A joint Fermilab/SLAC publication

Heat-shrink tubing


Heat shrink owes its incredible capabilities to treatment with an electron beam from a particle accelerator.

Accelerator apps: Heat-shrink tubing

Intense heat shrinks the heavy-duty tubing over a power cable. Electron accelerators are used in producing the tubing.

Photo courtesy of Tyco Electronics Corp.

A wiry protector

The Trans-Alaska Pipeline runs through 800 rugged miles of mountains, forests, and rivers. Wrapped around much of this sturdy pipe, a durable coating known as heat shrink has held the line against corrosion for more than 30 years. The same material protects the tangles of wires in the electronics we use every day.

Heat shrink arrives from the factory in colorful, rubbery sheets or tubes. Wrap it or slide it around cables or wires, then wave a heat gun over it. Instead of melting, the polymer-based product shrinks to form a tight seal. Specific grades of this material are designed to prevent wear, resist burning, keep water out, and keep electricity in.

Heat shrink owes its incredible capabilities to treatment with an electron beam from a particle accelerator.

"If you take normal polyethylene and melt it, it just turns into a gooey mess," says David Vroom, who retired four years ago as the engineering and technology manager at Tyco Electronics, the largest manufacturer of heat shrink in the United States. Treat polyethylene with a particle beam, however, and it becomes more resilient.

Tyco Electronics’ Menlo Park, California, plant sends millions of feet of heat-shrink tubing each week to factories all over the United States. Inside the plant, vats of white pellets melt. Color is added, if desired, and the polymer flows through an extruder into cool water, where it solidifies into tubes. The tubing threads through an opening in a six-foot-thick wall and passes through the beam of a small electron accelerator.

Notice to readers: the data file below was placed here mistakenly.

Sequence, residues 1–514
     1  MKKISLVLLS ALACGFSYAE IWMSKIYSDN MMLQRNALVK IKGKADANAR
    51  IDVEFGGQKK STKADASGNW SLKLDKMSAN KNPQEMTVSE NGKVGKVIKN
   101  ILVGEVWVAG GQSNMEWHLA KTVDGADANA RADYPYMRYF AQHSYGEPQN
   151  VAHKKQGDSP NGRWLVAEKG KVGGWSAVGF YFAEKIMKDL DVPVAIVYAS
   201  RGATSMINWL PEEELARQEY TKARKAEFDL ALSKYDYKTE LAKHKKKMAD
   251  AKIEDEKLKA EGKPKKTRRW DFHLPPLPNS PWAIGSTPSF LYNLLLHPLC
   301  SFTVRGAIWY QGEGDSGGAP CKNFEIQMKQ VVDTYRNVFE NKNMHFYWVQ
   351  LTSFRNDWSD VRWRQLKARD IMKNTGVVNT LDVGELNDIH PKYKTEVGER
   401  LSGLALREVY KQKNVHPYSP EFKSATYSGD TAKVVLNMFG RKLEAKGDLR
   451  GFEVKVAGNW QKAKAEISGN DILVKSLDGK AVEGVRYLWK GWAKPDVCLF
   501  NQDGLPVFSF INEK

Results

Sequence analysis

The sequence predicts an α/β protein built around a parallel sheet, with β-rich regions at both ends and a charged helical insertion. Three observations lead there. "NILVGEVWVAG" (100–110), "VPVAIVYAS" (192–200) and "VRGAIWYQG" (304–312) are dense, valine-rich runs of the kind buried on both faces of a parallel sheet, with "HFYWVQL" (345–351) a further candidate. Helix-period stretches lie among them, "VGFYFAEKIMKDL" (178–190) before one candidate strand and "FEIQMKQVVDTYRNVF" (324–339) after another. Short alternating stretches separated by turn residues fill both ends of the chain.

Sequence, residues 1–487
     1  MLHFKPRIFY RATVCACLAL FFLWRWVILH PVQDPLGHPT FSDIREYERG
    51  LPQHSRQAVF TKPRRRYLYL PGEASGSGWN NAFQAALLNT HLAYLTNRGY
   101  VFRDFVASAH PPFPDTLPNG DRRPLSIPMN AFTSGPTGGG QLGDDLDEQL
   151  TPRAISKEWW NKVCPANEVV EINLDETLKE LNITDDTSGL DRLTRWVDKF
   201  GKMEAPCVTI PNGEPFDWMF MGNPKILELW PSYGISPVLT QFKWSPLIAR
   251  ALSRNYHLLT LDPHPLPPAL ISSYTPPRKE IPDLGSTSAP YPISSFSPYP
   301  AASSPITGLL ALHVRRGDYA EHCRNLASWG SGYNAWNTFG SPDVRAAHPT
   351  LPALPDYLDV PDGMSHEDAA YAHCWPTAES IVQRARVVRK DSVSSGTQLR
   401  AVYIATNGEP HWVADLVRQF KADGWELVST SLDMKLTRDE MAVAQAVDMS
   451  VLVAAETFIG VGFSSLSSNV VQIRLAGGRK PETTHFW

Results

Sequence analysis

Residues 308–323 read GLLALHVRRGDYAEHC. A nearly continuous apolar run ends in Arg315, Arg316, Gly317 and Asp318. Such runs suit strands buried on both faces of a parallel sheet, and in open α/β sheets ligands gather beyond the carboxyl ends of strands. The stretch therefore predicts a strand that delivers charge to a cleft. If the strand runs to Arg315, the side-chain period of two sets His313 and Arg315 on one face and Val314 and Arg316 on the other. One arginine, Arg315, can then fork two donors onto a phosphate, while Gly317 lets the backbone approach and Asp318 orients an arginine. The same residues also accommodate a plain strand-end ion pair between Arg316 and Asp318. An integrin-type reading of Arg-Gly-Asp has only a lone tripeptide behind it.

Peering through slanted, water-filled portholes, you see a blue shimmer over the tubing. That’s the electrons ripping air molecules apart. Inside the polymer, the radiation shears off hydrogen atoms, leaving the equivalent of sticky ends that bond together and make the polymer stronger.

"It looks exactly the same as before, maybe a little darker," Vroom says. But the material’s chemical structure has changed. Its molecules will remember their positions even after being stretched apart. To finish up, machinery heats the material, then quickly cools it while blowing it up with air like a balloon. The tubing "freezes" at up to four times its original diameter. Tyco Electronics produces a cornucopia of custom and standard tubes with different properties, colors, thicknesses, diameters, and lengths.

Workers can easily slide the expanded tubing over cables that need protection or color-coding. When they heat the tubing again, it shrinks back to its original size.

Heat shrink shields wires inside airplanes, buses, alarm clocks, and computers. It surrounds telephone cables and the ends of some shoelaces.

"There’s heat-shrink tubing in your car. There’s heat-shrink tubing in your VCR," Vroom says. "There’s heat-shrink tubing everywhere."
Olga Kuchment


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